A masked mob beat refugee children in Stockholm

Refugees not welcome.
Refugees not welcome.
Image: Reuters/Jessica Gow/TT news agency
We may earn a commission from links on this page.

Tension against refugees is mounting in Europe, and violent, xenophobic episodes targeting asylum seekers are becoming more common. The latest, in Stockholm, Sweden, is particularly brutal: Around 9pm on Jan. 29, a mob of dozens of masked men marched through the city’s central station, distributing leaflets promising to give “the North African street children who are roaming around the punishment they deserve.”

Footage shows the men running through the station, and according to witnesses, at least three refugees were beaten up. The action, carried out by what seems to be groups of hooligans, found the approval of Sweden’s neo-Nazi party, which declared the areas around the station to be “cleaned up” of “criminal immigrants from North Africa.” The following morning, on Jan. 30, the country’s Democratic party, which holds anti-immigration positions, demanded that the government resign for its immigration politics.

According to Swedish newspaper Aftonbladet (link in Swedish), a witness reported seeing several masked men attacking foreign-looking people also at Sergel Square, in the vicinity of the station. The police said they found about 70 masked people upon their arrival in the station.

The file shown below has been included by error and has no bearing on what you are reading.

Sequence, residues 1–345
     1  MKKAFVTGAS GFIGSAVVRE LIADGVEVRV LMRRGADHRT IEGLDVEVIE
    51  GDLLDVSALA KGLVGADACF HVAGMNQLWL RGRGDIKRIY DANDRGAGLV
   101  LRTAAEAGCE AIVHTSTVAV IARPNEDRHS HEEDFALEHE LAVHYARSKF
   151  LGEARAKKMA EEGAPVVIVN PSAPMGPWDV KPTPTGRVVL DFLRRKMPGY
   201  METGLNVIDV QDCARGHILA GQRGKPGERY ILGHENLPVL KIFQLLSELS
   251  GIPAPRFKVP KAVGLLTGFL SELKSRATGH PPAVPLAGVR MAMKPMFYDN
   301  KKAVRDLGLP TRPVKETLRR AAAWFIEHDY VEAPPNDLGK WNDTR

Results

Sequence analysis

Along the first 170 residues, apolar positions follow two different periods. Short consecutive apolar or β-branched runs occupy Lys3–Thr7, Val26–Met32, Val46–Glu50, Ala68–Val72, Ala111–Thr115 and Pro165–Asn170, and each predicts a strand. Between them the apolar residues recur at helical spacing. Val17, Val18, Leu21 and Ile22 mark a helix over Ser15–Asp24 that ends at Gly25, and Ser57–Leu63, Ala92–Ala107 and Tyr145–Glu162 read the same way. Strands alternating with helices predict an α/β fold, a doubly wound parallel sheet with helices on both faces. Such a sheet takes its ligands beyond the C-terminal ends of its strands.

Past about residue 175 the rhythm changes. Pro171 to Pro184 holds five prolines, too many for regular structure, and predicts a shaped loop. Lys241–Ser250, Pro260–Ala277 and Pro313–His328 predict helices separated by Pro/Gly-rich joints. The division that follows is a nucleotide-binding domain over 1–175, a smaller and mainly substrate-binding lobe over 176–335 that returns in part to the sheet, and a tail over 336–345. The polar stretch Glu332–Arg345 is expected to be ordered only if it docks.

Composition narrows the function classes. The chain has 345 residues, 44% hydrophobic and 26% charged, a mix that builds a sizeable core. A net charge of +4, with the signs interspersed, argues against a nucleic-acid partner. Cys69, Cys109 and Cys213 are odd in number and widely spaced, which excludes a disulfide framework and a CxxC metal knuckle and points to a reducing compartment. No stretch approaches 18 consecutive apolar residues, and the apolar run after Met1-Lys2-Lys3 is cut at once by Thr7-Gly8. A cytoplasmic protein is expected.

This violent action is the worst so far to have followed the death of Alexandra Mezher, a 22-year-old aid worker who was stabbed to death by a teenage refugee in a shelter for minors on Jan. 25.

On Jan. 31, a shocking video emerged proving that the situation in Sweden’s asylum homes is on edge: in the video, an aid worker is heard screaming at some of the children in the video, shouting at them “you are fucking pig everyone, fucking pigs.” He then verbally attacks one of the refugees who then gets to the floor crying.

There are currently an estimated 38,000 unaccompanied migrant youth in Sweden, and the number of houses for minors provided by Sweden’s health and social care inspectorate is over 1,100—10 times bigger than it was in 2010.